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This Week in Discourse: Licht gets Licked
Plus: #Resist grifter exposed, and who's rizzing Livvy
Holy crap, it’s Friday! You survived! The internet had even more absurdity than normal this week, so you’re getting today’s This Week in Discourse and a bonus version tomorrow. Let’s dive right in.
CNN’s Chris, Licked
is was the CEO of CNN. And as this stunning piledriver of a profile from The Atlantic detailed, things were not going well. He’d alienated his newsroom. His signature ideas and shows were flopping hard. And he made the hilariously poor decision to showcase a Donald Trump town hall that went as badly as everyone but Licht predicted. Wednesday, five days after the article was published, Licht was fired.
Last week we talked about how never admitting fault, doubling and tripling down, and striking back at critics is the new PR meta-strategy for celebrities on social media. Chris Licht seems to have attempted this strategy. Throughout the Atlantic article, Licht is defiant. A few quotes:
I asked Licht whether there was anything he regretted about the event. The “extra Trumpy” makeup of the crowd? (No, Licht said, because it was representative of the Republican base.) Devoting the first question to his election lies? (No, Licht said, because nothing else, not even the E. Jean Carroll verdict, was as newsworthy as Trump’s assault on the ballot box.) Allowing the audience to cheer at will? (No, Licht said, because instructing them to hold their applause, as debate moderators regularly do, would have altered the reality of the event.)
He gave no ground on anything else—not even the presence of Representative Donalds on the postgame show. Licht told me it probably didn’t make sense to seat a congressman on the pundits’ panel, but said he otherwise had no regrets, even after I pointed out that Donalds was an election denier who used his place on that panel to question the legitimacy of Joe Biden’s victory in 2020.
Licht was still coming to terms with the ferocity of the backlash later that night when CNN’s popular Reliable Sources newsletter landed in his inbox. He read the opening line in disbelief: “It’s hard to see how America was served by the spectacle of lies that aired on CNN Wednesday evening,” Licht’s own media reporter, Oliver Darcy, wrote.
The next morning, he began the 9 o’clock editorial call with a telling choice of words: “I absolutely, unequivocally believe America was served very well by what we did last night.”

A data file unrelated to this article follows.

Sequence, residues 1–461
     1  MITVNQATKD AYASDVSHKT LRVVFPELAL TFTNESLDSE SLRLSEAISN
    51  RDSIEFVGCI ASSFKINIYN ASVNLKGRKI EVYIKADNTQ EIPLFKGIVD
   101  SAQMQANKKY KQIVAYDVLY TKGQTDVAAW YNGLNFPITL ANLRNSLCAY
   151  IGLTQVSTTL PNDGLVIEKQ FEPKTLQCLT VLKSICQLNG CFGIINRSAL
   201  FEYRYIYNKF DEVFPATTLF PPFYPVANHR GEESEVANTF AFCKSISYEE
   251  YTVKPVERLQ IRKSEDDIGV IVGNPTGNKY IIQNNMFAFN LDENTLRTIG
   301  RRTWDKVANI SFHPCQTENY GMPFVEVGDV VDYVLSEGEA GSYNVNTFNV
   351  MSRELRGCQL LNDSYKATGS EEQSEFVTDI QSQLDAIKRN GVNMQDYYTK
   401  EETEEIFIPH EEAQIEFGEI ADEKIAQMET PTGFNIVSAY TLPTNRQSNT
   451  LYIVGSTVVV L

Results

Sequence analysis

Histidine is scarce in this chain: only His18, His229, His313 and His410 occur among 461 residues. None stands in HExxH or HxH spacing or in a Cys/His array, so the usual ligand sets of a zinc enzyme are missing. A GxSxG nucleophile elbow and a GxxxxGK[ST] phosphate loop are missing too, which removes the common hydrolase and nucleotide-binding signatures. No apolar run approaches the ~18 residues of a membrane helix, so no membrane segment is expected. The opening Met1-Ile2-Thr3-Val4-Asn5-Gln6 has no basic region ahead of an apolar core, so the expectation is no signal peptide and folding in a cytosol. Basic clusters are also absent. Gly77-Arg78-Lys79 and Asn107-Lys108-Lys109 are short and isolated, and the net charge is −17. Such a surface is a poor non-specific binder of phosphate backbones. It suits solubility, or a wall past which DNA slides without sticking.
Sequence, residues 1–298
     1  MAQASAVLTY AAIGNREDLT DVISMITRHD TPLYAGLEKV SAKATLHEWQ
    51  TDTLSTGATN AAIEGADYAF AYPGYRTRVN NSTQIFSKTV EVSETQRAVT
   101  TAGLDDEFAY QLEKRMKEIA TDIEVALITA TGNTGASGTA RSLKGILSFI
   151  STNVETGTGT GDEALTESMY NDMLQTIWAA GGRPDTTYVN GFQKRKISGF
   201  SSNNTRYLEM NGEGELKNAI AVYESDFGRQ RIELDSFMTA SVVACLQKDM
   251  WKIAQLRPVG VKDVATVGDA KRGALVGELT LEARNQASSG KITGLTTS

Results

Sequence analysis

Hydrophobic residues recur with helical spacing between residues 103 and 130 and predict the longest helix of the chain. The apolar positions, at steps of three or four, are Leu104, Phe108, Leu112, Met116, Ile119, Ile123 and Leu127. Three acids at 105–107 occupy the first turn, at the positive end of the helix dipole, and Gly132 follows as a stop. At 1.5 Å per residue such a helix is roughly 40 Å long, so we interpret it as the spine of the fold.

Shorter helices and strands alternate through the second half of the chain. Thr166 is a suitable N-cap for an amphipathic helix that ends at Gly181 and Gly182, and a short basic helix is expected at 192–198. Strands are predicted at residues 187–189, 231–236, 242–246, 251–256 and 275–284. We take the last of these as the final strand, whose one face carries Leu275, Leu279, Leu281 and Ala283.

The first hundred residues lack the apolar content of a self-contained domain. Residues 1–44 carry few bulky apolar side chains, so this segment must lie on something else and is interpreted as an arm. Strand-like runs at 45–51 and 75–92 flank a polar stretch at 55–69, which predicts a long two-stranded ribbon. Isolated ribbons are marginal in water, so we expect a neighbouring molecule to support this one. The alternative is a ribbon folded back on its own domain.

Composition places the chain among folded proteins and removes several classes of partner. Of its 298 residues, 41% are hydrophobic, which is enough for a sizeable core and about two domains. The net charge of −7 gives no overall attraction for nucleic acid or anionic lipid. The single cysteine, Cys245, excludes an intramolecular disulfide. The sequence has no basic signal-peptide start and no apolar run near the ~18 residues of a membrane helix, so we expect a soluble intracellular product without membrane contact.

This is exactly the strategy from last week’s post. The thinking is that if someone tries to cancel you, it’s far better to strike back. Define your own narrative. Things are going great, actually. The obviously disastrous event was a success. You regret nothing. This is working for a lot of people! And yet it didn’t work for Licht.
This is a viable strategy for most celebrities and influencers, because as long as they can convince their core fanbase (or at least some portion of the audience) they’ll be ok. They don’t have to win everyone. And if they can split the world into pro- and anti- camps, the controversy can even end up being good for their career. Controversy drives clicks and attention. But for Licht, there’s a single man deciding his future: David Zaslav, president of Warner Bros. If Zaslav doesn’t buy his schtick, he’s canned. Simple as that. Combine that with objective viewer metrics showing CNN is struggling to retain an audience, and you can see the limits of the ‘strike back’ PR strategy.
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This Week in Elon
We had a week or two where Elon was suspiciously quiet, and we should have known better. He’s back at it. This week’s shenanigans:
Twitter restricted the release of the “What is a Woman?” documentary from The Daily Wire’s merry band of bigoted idiots. Twitter’s team said that the documentary misgendered several people, which was a violation of the hateful conduct policy.
Elon overruled his team and said the documentary could be published and promoted on Twitter. He then retweeted it himself and said ‘Every parent should watch this’.
Two executives then quit in short order: AJ Brown, Head of Brand Safety and Ad Quality and Ella Irwin, VP of Product for Trust and Safety. This appears to be a direct result of the Trust/Safety teams being overruled.